Welp, it’s that time of year again. July. Middle of summer. The lull between heat waves. It’s also the time for Extroverted Romance Writer Christmas, aka RWA Nationals. Several of my fellow romance writer friends post on social media about shopping for clothes and shoes, asking opinions on makeup or hair, what to pack, who can meet up where, and whether friends who are in the city (I’m in NY state: we have one City and one Island) but not going to the conference, or are going to the public parts of the conference, can meet up for extracurricular activities.
All of that stuff sounds wonderful to me, especially since real life stuff has kept me from the last two NECRWA regional conferences (CT Fiction Fest, this past September, almost a year ago now was a lifesaver) and the fact that this year’s conference is held in my home state of NY does give an extra pinch. It moves around from year to year, often in sunny locations, which are not great for me, as I am heat and sun sensitive, and have had full-on heat stroke in the past, so I have to be extra-careful in choosing summer activities. This could also be a plus, because staying in the conference hotel the whole darned weekend is entirely doable and, for me, the norm.
Spending a weekend, in this case a long weekend, locked in a hotel with a few hundred people who love the books that I love, who love writing the books that I love to write, who know what it’s like to have the voices in our heads translate into words on a page, so we can share the adventures of our imaginary friends, that’s pretty much my idea of the best vacation ever. Not that conferences, for the working writer, are a vacation, because it’s most assuredly work, attending workshops (or giving them) and discussions and networking in hallways, elevators, and hotel rooms, hotel bars, hotel lobbies, and the ever-popular, ever-crowded public hotel rest rooms.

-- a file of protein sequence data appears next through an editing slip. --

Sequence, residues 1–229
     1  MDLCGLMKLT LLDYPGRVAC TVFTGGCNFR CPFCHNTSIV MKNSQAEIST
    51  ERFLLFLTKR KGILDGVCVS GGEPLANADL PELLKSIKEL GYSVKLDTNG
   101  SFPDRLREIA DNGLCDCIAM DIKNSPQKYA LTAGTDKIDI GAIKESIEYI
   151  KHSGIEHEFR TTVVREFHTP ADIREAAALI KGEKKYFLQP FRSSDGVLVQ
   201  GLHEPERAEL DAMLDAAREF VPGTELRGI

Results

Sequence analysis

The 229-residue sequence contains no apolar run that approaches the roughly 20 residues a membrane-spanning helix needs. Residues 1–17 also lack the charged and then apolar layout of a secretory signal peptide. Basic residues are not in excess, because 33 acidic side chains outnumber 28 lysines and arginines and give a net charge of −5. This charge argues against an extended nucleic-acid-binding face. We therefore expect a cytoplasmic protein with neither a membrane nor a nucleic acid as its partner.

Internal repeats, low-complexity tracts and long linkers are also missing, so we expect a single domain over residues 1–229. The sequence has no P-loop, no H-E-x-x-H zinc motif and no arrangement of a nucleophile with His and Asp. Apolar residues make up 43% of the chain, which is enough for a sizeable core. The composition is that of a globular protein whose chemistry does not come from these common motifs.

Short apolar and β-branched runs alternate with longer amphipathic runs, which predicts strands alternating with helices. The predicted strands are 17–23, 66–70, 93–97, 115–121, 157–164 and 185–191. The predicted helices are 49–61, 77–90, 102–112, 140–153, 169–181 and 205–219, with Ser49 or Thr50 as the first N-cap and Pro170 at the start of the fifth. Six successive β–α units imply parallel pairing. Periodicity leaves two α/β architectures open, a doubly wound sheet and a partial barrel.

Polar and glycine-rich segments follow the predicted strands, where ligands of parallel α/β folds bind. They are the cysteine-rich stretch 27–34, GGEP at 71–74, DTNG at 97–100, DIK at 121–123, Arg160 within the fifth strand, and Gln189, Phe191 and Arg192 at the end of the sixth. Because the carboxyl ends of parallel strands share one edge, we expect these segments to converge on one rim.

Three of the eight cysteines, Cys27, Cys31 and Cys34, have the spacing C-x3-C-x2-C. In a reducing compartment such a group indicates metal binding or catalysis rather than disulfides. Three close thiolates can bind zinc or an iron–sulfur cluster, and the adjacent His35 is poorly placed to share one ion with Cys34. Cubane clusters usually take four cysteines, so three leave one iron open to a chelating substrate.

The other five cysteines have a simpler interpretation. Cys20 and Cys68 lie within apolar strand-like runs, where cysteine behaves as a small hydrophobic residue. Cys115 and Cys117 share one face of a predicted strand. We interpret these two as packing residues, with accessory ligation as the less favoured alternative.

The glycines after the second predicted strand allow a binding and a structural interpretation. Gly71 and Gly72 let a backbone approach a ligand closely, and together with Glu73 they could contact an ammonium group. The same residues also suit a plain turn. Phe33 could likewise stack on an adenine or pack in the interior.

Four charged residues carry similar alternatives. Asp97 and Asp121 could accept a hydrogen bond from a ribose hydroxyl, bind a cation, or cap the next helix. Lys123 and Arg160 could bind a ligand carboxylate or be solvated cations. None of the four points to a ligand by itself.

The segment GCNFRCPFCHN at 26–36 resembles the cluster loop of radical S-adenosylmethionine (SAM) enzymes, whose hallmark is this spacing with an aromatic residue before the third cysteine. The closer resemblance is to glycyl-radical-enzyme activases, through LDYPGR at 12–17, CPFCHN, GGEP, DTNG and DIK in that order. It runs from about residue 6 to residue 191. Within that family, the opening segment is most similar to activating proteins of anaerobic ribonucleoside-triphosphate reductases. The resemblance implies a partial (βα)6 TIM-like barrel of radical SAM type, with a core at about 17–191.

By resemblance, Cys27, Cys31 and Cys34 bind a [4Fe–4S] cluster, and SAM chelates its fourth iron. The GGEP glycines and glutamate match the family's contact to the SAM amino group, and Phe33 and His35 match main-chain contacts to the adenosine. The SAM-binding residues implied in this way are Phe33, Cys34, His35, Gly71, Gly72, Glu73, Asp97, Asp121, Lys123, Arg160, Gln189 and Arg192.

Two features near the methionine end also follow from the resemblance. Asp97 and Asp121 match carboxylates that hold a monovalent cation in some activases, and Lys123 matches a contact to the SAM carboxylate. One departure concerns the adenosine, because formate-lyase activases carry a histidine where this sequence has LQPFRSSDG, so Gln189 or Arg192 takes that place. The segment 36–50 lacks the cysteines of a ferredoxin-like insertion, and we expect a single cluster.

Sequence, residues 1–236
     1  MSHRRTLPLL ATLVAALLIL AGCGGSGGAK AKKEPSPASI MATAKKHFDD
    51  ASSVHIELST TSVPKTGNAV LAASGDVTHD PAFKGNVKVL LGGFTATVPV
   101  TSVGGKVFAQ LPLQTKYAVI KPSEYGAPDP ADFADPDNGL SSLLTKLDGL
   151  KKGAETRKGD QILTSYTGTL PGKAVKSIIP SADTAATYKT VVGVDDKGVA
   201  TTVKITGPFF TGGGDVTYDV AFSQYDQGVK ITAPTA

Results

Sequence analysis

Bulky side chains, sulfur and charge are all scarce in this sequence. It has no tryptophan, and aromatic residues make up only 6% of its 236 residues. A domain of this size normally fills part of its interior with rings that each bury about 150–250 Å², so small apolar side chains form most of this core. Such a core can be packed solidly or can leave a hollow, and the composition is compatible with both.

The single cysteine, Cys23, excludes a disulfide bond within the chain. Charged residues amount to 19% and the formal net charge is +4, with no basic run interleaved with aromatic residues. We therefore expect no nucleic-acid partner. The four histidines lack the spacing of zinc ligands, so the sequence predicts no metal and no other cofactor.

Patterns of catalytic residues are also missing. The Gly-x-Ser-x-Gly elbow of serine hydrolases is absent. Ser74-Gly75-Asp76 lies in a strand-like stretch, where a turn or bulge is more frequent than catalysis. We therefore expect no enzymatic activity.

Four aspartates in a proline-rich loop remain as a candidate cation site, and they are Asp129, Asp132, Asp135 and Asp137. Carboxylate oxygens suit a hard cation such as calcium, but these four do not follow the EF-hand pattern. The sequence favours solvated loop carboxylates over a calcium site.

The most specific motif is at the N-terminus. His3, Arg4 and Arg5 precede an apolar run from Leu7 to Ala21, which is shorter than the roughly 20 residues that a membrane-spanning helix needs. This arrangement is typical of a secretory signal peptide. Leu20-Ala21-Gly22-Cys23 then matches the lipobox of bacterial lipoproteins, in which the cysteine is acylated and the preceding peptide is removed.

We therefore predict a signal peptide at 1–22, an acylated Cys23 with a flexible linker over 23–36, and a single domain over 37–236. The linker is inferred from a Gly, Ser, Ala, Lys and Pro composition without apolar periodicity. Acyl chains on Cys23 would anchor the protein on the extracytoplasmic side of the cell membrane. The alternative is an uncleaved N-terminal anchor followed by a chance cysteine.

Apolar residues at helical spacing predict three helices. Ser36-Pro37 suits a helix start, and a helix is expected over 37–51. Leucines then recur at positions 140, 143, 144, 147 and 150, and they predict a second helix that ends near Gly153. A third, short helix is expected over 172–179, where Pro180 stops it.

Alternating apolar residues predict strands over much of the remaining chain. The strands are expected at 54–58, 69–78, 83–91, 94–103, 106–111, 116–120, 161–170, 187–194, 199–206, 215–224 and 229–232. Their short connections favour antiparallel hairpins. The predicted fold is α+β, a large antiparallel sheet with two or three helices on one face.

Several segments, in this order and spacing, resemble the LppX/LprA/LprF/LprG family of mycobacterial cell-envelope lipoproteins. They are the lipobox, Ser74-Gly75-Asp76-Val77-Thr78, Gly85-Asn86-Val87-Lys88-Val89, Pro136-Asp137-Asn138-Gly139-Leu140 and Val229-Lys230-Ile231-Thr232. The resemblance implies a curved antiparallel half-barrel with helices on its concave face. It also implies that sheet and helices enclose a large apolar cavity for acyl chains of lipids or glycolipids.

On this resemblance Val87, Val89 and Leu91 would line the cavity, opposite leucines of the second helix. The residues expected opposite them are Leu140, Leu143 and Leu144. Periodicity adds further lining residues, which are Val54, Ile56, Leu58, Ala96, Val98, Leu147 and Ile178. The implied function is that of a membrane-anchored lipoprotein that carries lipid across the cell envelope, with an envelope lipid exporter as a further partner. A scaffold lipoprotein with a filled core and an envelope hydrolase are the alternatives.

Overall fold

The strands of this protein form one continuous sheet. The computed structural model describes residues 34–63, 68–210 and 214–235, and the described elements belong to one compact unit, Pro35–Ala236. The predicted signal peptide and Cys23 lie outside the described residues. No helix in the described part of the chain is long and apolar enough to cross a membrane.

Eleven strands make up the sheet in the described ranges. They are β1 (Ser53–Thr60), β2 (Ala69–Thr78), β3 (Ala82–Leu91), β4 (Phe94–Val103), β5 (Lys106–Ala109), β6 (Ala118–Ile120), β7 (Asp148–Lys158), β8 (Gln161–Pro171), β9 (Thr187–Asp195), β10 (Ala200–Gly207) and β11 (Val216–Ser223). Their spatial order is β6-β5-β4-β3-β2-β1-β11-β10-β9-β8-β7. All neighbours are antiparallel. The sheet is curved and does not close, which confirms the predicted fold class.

This year, especially, it would have been wonderful to go. Melva and I have a new book, our first together, Chasing Prince Charming, coming out, in less than three weeks. Fewer than three weeks? See, there’s another reason I need to socialize with other writers. They help me do English gooder. I have one historical novella out in the querying process, and two full length historical romances that are getting ready to make the rounds again. A conference is a place where there are tons of other writers who have been in the same or similar positions, and talk stuff out with them. For the extroverted writer, talking things out is absolutely crucial. Sometimes, I don’t know what I’m thinking until I can talk about it. That’s part of the process.
So, what am I doing instead? I wish I could say we are not still fighting the battle of the bugs, but we are. Not at the same intensity as it once was. The few bugs that we see are slow moving and far fewer than earlier generations, so we are hopefully moving in the right direction. There are the normal domestic tornadoes, but manageable ones, and keeping an eye on the aforementioned social media posts from friends who are in attendance, is, in its own way, the next best thing to being there.